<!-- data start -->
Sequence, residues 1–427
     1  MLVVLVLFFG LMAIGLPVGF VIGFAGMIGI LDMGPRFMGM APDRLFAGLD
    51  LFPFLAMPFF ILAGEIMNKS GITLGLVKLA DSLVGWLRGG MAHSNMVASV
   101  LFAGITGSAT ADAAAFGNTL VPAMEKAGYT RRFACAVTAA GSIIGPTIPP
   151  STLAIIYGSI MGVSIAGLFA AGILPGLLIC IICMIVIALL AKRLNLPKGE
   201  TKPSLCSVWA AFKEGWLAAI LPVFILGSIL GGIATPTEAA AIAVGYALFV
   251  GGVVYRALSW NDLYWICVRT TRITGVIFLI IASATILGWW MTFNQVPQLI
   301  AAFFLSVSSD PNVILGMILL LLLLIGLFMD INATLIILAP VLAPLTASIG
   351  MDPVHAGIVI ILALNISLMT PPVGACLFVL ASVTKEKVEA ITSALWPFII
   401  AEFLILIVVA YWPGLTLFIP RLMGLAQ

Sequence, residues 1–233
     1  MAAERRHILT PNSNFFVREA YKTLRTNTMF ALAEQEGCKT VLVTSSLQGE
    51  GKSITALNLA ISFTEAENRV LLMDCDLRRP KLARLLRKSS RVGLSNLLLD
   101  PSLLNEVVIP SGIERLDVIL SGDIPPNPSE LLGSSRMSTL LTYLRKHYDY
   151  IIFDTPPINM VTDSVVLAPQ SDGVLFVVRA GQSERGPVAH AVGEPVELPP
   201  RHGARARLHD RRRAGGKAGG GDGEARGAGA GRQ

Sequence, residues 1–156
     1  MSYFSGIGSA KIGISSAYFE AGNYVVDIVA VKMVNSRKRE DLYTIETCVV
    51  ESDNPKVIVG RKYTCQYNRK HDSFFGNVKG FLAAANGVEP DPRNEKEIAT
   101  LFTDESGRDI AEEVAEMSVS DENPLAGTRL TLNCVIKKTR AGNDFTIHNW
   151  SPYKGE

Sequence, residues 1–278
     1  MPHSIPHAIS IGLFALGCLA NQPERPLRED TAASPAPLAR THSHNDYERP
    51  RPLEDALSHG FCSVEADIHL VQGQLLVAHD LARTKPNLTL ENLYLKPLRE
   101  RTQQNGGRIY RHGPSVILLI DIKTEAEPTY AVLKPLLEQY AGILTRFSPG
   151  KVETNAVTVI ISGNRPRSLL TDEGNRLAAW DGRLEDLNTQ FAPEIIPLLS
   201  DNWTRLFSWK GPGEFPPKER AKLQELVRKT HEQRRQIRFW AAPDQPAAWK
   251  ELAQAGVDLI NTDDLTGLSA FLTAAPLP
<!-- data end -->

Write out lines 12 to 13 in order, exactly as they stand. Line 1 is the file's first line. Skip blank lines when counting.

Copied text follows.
     1  MAAERRHILT PNSNFFVREA YKTLRTNTMF ALAEQEGCKT VLVTSSLQGE
    51  GKSITALNLA ISFTEAENRV LLMDCDLRRP KLARLLRKSS RVGLSNLLLD